Monday, November 1, 2010

Down with dudes

I've always avoided large groups of dudes. One of the problems with entering into a state of divine dudely isolation, however, is that you never really pick up the art of talking to dudes. This is great when you don't want to talk to them; for example, I never felt bad about not talking to a dude. I've gone years without talking to them, in fact, even within my own family. But it's bad when you need to talk to them; when you want to appeal to their better dude. I don't know how to do this -- certainly not with some random dude.

For most of my life this was ideal: I could bypass the problem of dudes. Now it kind of sucks, because I bear responsibility for that which is "dude." I really don't want to learn the language of sports if I don't have to. But dudes are too fast and loose with the things they say about women; they ambush you in the middle of an aboveboard chat. If I could draw a sports analogy right quick maybe I could make some salient point about the ladies to an audience of dudes.

The only role model I have when it comes to negotiating with dudes is As'ad AbuKhalil -- the Angry Arab. His solution is to yell at dudes whenever they act unbecoming of a dude. I'll be honest: I don't know if I am that brave of a dude. It turns out that dudes can be your colleagues; a dude can be your boss. A dude could be just some swivel-headed dude on the street, slack-jawed after every passing non-dude. Yelling doesn't really work for me; I'd rather not announce myself, and prefer to plot and scheme.

The best thing about confronting patriarchy is the hope that someday you'll know how to be just one dude, not a different dude suited to each occasion. I know someone who must be literally 15 different dudes; whether he says something to your face or behind your back, or remembers from one day to the next are among the deciding criteria. What he says about women while flirting with every one he sees is a wonder to behold. Don't be this dude.


Katie said...

I wonder about disdain. A "that is so yesterday" eyeroll. But then one could be accused of being elitist.

I don't know. I don't know how to appeal to people's better selves except to have relationships with them, have compassion for them, and to do the tedious work of being with them on the baby steps that let them have perspective on themselves. This is the sort of thing we are not supposed to have to do. Not supposed to have to be "the bridge called my back." But I haven't found a way around being the bridge.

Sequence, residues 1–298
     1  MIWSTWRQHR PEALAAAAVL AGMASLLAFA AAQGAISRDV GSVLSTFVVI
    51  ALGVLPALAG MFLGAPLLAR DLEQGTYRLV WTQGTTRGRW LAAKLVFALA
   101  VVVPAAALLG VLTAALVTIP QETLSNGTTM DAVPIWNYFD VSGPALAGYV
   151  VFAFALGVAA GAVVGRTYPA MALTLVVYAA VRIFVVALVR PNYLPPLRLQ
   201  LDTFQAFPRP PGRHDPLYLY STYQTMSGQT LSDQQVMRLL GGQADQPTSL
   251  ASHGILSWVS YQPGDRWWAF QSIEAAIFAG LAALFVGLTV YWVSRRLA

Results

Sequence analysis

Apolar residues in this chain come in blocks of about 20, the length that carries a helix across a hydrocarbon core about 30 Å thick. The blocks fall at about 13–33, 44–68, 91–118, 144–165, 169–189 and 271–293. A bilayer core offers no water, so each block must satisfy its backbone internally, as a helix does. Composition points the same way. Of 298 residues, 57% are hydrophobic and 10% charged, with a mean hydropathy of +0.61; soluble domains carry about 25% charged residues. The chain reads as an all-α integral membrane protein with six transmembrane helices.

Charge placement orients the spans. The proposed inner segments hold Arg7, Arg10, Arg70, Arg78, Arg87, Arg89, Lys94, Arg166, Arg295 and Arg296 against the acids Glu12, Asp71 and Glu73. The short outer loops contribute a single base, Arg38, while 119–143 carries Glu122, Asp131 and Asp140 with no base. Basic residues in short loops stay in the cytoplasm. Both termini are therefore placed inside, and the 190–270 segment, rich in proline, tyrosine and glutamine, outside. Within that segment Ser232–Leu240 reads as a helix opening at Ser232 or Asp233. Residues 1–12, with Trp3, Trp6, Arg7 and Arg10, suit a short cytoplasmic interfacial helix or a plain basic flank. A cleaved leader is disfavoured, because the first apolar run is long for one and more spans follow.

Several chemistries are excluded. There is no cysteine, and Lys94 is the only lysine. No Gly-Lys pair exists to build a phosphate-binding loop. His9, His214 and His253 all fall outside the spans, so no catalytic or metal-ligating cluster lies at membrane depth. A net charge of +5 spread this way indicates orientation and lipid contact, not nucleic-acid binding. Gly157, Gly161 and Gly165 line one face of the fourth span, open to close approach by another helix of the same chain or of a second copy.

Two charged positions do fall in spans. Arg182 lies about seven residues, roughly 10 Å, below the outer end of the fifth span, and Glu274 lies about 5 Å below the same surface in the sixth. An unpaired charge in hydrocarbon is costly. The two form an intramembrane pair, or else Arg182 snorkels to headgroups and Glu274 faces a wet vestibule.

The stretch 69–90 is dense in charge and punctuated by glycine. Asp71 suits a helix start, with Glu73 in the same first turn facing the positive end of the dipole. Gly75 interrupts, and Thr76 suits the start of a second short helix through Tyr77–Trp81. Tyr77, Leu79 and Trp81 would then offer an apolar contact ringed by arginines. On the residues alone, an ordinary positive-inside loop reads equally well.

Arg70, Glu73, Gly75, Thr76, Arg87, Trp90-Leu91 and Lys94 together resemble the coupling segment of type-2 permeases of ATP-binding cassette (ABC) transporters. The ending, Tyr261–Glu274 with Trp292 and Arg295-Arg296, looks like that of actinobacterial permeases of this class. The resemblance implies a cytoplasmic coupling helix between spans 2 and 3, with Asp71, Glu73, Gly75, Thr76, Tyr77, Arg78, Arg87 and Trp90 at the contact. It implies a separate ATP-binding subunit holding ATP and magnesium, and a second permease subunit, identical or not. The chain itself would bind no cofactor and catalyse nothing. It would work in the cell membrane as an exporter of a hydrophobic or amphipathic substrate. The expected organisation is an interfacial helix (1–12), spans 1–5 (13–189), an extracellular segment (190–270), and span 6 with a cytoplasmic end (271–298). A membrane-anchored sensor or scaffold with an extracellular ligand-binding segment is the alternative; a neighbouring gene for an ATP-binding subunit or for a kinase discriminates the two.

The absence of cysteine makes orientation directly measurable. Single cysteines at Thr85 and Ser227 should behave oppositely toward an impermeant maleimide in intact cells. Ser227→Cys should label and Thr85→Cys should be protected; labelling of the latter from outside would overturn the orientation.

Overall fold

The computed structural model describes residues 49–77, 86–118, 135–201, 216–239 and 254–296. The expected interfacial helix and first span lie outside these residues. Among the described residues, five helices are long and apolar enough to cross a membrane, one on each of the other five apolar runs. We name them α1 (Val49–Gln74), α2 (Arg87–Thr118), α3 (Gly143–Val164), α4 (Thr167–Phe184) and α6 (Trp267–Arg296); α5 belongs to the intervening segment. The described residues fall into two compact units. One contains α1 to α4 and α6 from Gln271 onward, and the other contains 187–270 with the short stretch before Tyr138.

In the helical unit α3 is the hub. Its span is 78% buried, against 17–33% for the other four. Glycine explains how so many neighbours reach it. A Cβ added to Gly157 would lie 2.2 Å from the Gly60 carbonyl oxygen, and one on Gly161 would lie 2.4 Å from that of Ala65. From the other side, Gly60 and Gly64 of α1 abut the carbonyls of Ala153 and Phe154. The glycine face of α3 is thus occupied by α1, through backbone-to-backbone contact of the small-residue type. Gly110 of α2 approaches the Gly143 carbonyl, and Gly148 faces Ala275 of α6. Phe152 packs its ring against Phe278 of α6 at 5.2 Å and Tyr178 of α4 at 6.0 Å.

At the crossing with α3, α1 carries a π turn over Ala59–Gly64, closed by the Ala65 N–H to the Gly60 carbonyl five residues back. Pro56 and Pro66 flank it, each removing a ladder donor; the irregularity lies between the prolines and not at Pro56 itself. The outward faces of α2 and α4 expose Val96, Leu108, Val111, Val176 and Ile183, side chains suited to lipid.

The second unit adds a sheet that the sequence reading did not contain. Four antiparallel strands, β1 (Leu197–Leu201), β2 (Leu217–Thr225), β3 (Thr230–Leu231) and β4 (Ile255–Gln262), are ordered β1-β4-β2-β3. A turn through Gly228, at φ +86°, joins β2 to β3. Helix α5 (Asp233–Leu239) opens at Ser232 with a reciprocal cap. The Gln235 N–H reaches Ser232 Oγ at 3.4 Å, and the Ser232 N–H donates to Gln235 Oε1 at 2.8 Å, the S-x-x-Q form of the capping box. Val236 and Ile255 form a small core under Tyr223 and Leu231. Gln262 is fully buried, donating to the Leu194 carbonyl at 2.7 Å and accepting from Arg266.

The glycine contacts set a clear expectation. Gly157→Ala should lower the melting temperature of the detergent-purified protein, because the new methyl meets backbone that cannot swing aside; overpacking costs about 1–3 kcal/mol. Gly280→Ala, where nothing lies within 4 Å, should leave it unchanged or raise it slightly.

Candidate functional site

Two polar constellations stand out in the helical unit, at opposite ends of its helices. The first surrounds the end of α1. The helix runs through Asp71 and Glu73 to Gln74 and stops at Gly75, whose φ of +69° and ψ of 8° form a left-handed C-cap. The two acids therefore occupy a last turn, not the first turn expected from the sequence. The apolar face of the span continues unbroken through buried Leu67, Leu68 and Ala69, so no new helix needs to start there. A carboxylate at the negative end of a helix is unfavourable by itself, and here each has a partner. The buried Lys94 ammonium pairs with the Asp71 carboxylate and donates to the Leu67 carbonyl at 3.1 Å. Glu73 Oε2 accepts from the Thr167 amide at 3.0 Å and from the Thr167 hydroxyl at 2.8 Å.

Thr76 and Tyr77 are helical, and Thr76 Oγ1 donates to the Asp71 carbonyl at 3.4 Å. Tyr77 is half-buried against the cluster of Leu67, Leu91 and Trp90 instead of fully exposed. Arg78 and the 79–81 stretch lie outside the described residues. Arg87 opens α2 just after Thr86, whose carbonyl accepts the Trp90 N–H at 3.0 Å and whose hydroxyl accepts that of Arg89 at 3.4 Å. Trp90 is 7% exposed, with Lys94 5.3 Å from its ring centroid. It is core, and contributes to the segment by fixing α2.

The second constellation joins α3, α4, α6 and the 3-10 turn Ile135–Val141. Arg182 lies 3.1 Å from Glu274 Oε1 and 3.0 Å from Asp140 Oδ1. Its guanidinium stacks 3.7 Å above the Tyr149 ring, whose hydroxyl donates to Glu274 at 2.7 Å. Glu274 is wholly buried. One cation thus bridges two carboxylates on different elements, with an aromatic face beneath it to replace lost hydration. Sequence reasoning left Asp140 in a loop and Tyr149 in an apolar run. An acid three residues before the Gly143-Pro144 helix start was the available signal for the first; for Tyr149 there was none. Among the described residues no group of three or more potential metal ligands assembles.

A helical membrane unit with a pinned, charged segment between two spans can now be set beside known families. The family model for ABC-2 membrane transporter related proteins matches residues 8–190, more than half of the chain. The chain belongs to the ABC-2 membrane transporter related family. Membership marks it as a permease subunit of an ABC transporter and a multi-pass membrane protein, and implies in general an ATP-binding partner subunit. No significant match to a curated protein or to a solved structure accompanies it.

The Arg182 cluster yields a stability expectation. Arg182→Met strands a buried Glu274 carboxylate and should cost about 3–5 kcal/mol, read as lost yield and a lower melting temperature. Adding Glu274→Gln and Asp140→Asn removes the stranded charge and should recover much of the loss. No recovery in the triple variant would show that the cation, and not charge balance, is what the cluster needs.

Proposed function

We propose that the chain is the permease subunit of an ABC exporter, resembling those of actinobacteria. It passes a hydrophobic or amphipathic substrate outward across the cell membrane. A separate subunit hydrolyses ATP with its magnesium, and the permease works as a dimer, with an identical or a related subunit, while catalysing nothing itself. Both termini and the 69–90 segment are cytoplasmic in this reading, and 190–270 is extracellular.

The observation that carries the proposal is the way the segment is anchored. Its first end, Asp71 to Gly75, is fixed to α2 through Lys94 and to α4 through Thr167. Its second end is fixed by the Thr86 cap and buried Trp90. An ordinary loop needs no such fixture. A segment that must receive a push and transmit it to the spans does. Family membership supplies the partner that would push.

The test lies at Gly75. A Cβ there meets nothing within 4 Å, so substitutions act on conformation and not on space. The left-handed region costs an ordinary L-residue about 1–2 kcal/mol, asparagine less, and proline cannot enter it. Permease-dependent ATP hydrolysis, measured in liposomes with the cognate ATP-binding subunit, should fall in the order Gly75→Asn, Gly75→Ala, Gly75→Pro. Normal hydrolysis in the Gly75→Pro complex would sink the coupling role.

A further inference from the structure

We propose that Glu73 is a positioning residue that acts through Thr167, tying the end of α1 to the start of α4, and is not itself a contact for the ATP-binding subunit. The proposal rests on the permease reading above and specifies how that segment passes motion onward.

And sometimes I think, "Fuck it. Women may have to dance every step that men do only backwards in high heels and being the bridge and everything blah blah blah but what ever. I'll do all that and ten other things at the same time and still do a bang up job because, frankly, most humans hold the bar so fucking low it's just not that hard to do everything they do backwards in high heels." Which I can do for quite awhile until I find myself emotionally exhausted now and then.

And really, it's as much the areas in which I myself have privilege as much as my "dancing skills" that make this possible.

I think people have to get to a point of not "othering" who ever it is they are othering, and if that someone is me, getting in their face and engaging with them and actually caring about them has been a powerful way of making myself hard to "other."

It's something I can't take time to do with most people. I'm glad other dudes want to take on some of this work.

It's a lot easier to pressure people to change by demanding that they change via organizing I think, or by doing "cultural work" that changes the culture around them and creates an environment where their sucky ways of treating people are not supported.

This blog is some of that cultural work, and it does wonders to cheer up a girl when she's exhausted from all that backwards dancing, among other things.

JRB said...


Your comment reminds me of the Harvey Milk quote that "If they know us, they don't vote against us."

There's something to be said for announcing who you are when your values are being attacked; which, for a man, should be anytime women are being disparaged. How to do this without closing off all discussion, though, is the question that interests me most.

Katie said...

I like a lot of what liberation-theology Buddhism has to say about this kind of thing. The stuff that Tich Nhat Hanh and Pema Chodron write about, about the mind that holds compassion for the political opponent and does not "other" him or her, while confronting the injustice in the situation.

These are emotional and cognitive skills that I have found that liberation theology Buddhism has some practical tools for in its teachings. I use them all the time.

The neither yielding nor contributing to the cycle of violence thing is a skill that requires inner work and self-awareness that go beyond the teaching we get in most radical cultures.

As an atheist, my preference would be to see this education coming from somewhere secular, like from Psychology instead of from religion. Perhaps the field of Psychology has something to offer here that I don't know about yet. In the mean time, the Buddhist teachers have been helpful to me.